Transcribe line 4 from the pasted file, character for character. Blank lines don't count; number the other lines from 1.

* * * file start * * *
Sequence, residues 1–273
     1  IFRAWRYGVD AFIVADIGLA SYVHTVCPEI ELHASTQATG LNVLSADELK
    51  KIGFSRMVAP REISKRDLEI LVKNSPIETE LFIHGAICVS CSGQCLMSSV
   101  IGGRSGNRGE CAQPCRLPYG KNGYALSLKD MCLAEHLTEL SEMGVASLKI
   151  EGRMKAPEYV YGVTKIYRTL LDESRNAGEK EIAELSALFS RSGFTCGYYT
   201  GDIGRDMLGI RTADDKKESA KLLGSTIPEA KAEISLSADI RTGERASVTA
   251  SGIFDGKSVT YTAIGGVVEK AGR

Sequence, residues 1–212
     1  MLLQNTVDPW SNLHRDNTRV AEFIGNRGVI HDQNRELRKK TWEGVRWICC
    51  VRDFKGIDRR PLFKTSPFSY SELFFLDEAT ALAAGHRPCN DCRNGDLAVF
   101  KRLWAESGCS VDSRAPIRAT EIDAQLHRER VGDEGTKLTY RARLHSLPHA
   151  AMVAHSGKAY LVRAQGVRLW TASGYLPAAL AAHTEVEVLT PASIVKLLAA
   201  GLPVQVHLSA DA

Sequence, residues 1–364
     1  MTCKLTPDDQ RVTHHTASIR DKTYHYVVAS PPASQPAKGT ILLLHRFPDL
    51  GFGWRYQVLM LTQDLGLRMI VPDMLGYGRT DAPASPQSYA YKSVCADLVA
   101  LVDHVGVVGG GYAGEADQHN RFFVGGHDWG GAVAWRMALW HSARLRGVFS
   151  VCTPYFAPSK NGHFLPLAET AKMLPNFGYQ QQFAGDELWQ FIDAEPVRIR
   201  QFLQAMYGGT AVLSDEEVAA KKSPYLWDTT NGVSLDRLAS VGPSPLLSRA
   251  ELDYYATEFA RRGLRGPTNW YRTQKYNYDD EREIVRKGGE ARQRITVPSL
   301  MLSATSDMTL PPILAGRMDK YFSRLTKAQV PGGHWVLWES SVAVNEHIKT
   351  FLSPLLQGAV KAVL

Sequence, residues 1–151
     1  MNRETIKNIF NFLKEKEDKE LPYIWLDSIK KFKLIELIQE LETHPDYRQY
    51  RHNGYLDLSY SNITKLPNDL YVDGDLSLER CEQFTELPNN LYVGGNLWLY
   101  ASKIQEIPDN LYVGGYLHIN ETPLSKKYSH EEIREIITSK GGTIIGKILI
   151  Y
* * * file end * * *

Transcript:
   101  IGGRSGNRGE CAQPCRLPYG KNGYALSLKD MCLAEHLTEL SEMGVASLKI